Integrating QR Codes in Data Collection

Integrating QR Codes in Data Collection

QR (Quick Response) codes were once thought to be obsolete throughout the 2000s and the 2010s, but they’ve made a surprising comeback as the value of hands-free technologies increased during the pandemic. Insider Intelligence reports how QR code scanning is expected to increase by 10% in 2022, following a 25% jump in 2022; eMarketer estimates that 38% of smartphone users (83 million people) will scan a QR code this year. QR codes are effective because users can scan these using their mobile devices, then get redirected to a useful link.

More importantly for brands, QR codes can help uncover first-party data. Unlike third-party cookies that are often blocked by users and about to be phased out, QR codes offer an alternative data infrastructure so you can pull information from users’ device IDs, because they willingly scan these codes. Moreover, QR codes are simple and low-cost to develop a data gathering strategy around. Here are three reasons to incorporate QR codes for data collection:

QR codes allow for more data touchpoints

Our post called “6 Big Data Will Change Your Life in the Future” discussed data and how data creation has grown exponentially with modern use of technology, giving us plenty of insights into human movement. Of course, we can best tap into this rich data through different touchpoints for collection. QR codes are great for this because most users find it intriguing to use, transforming how we interact with everyday objects. Rather than relying on a static ad banner, for instance, having a QR touchpoint provides you data on who was engaged and the context in which they engaged.

For instance, Lil Nas X included QR codes on billboards for his album “Montero” – which redirected users to a URL with a pre-save link and other Lil Nas X videos. This bridged physical and digital touchpoints, with a built-in way to measure if the campaign was successful. Other campaigns offer rewards so you’d be enticed to scan a QR code, like receiving a discount on your bill after filling out a feedback form.

QR codes can ensure data is properly stored

Most data needs to be collected, cleaned (for improper formatting or incorrect/corrupted input), and organized before it can be of any use to us. QR codes can be used to streamline the process so no information falls through the cracks. Case in point, Doorway shows how digital business cards – which utilize QR codes – allow people to save contact details instantly when networking, even without an app or internet connection. Considering how 88% of paper business cards are thrown away without the details on them being saved, Doorway’s technology helps users deftly manage and store information.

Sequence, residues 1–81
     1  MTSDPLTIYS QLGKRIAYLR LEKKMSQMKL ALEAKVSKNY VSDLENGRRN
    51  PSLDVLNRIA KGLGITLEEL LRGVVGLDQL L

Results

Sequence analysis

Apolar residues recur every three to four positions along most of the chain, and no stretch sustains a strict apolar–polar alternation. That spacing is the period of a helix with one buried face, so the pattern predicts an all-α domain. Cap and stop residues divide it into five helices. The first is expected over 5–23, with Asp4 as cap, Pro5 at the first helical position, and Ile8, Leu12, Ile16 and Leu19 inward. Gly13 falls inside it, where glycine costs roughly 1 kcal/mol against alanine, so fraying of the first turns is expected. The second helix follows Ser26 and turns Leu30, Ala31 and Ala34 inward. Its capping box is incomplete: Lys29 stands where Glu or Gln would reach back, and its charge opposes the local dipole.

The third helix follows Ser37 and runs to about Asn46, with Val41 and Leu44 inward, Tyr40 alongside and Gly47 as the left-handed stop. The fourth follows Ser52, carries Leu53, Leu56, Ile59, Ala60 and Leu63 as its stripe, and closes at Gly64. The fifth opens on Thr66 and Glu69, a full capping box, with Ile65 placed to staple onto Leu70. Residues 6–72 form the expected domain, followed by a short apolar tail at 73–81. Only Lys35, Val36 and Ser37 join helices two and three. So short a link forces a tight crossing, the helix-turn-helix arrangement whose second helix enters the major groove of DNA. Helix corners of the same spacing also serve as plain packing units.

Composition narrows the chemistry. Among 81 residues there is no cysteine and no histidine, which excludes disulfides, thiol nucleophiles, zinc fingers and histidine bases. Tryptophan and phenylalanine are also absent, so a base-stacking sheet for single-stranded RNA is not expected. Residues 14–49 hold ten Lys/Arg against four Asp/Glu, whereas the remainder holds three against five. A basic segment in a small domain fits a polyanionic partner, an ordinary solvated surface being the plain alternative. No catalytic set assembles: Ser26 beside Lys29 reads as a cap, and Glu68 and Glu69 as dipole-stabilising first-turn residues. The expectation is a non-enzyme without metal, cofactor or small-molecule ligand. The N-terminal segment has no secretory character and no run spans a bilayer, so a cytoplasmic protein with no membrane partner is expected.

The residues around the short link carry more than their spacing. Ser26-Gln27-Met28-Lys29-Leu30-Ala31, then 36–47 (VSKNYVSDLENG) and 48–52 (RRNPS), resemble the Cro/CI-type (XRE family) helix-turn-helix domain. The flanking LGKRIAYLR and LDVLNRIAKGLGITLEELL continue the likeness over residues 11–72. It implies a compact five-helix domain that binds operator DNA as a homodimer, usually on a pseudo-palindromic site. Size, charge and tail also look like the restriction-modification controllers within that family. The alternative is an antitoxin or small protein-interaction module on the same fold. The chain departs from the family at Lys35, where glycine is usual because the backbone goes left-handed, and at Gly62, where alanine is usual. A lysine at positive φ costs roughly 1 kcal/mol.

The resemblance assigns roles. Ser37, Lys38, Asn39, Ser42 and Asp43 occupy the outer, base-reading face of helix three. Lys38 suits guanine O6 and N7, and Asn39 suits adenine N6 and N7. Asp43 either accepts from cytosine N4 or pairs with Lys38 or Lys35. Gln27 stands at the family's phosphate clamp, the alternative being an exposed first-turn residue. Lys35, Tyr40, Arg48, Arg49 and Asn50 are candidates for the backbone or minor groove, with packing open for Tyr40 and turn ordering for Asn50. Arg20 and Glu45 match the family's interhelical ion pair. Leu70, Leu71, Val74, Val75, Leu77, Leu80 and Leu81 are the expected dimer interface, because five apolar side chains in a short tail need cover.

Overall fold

Of course, you can always have customers fill out surveys in a traditional way, but you’d have to encode everything manually. There’s also a risk of losing or damaging the hard copies. With a QR code, you can simply link users to a digital form that automatically records and tabulates their responses on one platform.

QR codes let you study user engagement in-depth

When QR codes are scanned by a user, they can be redirected to a website that tracks their usage habits. One tool you can combine QR code analytics with is website heat mapping. Heatmaps can display the most and least popular elements of your webpage using colored visuals. Here, you can understand how users interact with the page they were sent after scanning the QR, including what they click on and how far down they scroll.

Microsoft Clarity illustrates the versatility of heatmaps by letting you “play back” user sessions and analyzing their paths through a site. Microsoft also created an Insights dashboard using machine learning so you can see sessions or events that matter most. Restaurants, for example, can see trends on which parts of the menu people pay most attention to after they scan its QR code.

AnalyticsNXT highlights the role of data in our increasingly high-tech world. However, data analytics, machine learning, and other techniques are only applicable when you have rich sources of data – such as QR codes – to be truly effective and valuable.

About The Author

She is interested in tech-related topics, particularly the use of AI, machine learning, and data analytics in business. When she’s not busy working on her next piece, Jen enjoys reading novels at home.

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